Date of Award
Doctor of Philosophy (PhD)
Computer Engineering and Sciences
In this dissertation, we address the problem of recognizing human-action from videos. The recognition aims at recovering action information from the image sequences using different features such as variations of the human shape. Approaches based on such features often use sequence-alignment methods. We propose two novel methods for human-action recognition. We also propose an elliptical-shaped band for the Dynamic Time Warping (DTW) that provides a good compromise between alignment accuracy and computational speed. First, we study the applicability of the pairwise shape-similarity measurements for human-action recognition. Since action can be seen as a sequence of shapes of silhouette poses, there exists similarities between actions from the same class. Based on this observation, we propose a new method for classifying human actions. Given two sequences of silhouettes representing an action, we measure their similarity by means of a robust sequence-alignment method. The motion cue is implicitly represented by the implicit variations of the human’s shape over time while an action is performed. We adopt the Longest Common Sub-Sequence (LCSS), a dynamic-programming approach that calculates the minimum cost of aligning the two sequences. Next, we use information from inter-pose shape variations as provided by shape descriptors for recognizing human actions. Here, in contrast to the previous method, where an action is not modeled by itself, we present a method that converts an action into a sequence based on the variations of a human’s shape over time. We construct the sequence using the Inner-Distance Shape-Context as a measurement of variations between shapes. Experimental results compare our method favorably with related methods. Finally, we develop a new global band for the Dynamic Time Warping algorithm. In contrast with standard rectangular-shaped bands, we propose an elliptical-shaped band that provides flexibility and a good compromise between alignment accuracy and computational speed. The shape of the ellipse is implicitly represented by the length of the time series. The idea of our elliptical band is to speed up DTW and enforce a global constraint on the warping path by using a window size that tolerates a significant amount of noise in the aligned time series.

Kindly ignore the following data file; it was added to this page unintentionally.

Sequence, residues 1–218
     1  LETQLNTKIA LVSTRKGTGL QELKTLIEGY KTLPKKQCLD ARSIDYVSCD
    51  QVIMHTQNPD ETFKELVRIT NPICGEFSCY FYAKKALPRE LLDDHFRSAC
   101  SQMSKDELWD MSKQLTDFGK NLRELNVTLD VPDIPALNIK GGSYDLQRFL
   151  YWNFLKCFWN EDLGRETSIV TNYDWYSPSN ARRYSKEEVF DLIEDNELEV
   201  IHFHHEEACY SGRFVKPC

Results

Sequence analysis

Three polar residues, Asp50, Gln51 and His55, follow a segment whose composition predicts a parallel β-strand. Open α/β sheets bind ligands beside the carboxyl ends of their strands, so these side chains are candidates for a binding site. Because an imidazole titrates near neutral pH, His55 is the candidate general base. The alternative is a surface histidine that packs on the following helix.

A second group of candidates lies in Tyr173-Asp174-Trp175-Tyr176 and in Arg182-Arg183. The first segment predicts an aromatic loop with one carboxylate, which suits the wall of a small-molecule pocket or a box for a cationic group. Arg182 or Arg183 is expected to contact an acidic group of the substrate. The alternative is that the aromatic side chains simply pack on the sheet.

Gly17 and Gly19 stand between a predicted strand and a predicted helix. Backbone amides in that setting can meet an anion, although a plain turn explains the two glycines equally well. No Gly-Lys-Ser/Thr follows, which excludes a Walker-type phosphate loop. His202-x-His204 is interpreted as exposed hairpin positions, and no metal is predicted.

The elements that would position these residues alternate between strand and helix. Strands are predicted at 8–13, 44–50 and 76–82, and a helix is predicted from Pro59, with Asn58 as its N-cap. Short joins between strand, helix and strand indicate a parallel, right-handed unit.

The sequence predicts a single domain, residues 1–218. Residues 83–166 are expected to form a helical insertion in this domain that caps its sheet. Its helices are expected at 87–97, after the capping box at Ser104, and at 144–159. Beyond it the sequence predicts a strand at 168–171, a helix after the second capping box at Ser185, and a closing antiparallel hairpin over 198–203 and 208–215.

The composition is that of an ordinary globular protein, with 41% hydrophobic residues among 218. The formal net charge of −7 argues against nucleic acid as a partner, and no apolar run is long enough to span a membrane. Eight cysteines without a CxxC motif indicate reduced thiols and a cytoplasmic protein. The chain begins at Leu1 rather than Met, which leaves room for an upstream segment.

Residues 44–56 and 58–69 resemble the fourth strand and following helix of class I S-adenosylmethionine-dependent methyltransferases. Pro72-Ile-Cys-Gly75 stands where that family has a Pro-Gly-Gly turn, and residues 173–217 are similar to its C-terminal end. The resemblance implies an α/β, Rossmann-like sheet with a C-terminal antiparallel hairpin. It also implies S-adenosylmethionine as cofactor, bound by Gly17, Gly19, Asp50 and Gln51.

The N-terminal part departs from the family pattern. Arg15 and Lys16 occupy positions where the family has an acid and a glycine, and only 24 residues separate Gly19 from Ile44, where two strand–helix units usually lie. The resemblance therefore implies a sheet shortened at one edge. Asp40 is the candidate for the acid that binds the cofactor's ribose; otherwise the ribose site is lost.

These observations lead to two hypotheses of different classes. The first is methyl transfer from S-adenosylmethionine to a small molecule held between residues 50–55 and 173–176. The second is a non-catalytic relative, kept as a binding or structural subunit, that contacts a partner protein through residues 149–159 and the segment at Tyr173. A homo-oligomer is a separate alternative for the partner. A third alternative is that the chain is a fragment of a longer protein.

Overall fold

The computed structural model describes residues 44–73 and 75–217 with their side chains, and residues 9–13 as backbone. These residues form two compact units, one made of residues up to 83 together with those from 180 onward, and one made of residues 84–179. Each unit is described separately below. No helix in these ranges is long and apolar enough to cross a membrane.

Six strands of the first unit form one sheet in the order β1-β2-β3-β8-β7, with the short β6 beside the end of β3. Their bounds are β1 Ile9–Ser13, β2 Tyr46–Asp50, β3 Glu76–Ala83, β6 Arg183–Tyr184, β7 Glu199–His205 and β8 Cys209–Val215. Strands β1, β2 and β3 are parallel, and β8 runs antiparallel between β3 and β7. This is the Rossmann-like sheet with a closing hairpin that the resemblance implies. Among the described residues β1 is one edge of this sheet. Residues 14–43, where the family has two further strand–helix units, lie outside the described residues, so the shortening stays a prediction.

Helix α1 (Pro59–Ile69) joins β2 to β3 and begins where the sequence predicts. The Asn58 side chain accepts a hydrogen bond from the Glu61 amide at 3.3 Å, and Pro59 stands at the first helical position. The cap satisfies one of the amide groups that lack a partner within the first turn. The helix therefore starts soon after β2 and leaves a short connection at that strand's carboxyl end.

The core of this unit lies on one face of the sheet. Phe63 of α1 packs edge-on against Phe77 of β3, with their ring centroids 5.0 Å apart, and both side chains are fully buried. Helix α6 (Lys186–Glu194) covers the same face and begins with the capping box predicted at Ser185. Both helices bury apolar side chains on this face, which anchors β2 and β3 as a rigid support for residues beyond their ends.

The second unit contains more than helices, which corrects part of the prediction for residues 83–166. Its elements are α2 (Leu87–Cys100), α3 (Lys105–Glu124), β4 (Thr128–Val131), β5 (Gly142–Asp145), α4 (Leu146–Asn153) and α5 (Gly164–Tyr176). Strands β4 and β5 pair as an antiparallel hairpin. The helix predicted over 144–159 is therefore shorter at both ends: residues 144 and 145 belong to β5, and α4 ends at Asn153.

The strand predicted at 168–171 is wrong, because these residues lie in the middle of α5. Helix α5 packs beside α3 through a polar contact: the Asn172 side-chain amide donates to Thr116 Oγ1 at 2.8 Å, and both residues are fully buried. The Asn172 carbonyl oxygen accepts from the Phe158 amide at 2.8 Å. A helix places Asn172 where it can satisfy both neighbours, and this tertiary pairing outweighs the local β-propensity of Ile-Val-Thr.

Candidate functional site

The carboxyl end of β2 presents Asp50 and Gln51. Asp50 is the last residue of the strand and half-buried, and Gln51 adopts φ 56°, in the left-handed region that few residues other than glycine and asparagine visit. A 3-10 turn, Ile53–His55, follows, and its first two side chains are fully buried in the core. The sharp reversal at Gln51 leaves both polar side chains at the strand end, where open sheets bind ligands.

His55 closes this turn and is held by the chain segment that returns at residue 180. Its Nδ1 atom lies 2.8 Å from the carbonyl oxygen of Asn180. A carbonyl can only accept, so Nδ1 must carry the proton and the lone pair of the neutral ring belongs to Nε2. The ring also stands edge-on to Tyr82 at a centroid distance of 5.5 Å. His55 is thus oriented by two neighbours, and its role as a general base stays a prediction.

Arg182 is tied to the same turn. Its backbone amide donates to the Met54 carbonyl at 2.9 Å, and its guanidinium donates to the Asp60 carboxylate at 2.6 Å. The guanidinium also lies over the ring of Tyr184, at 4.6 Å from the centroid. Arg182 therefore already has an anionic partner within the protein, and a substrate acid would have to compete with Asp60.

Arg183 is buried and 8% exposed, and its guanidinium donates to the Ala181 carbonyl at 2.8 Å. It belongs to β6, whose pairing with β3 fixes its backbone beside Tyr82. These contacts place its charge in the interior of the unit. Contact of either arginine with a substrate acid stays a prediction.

Almotairi, Sultan Mohammad, "Using Variations of Shape and Appearance in Alignment Methods for Classifying Human Actions" (2014). Theses and Dissertations. 877.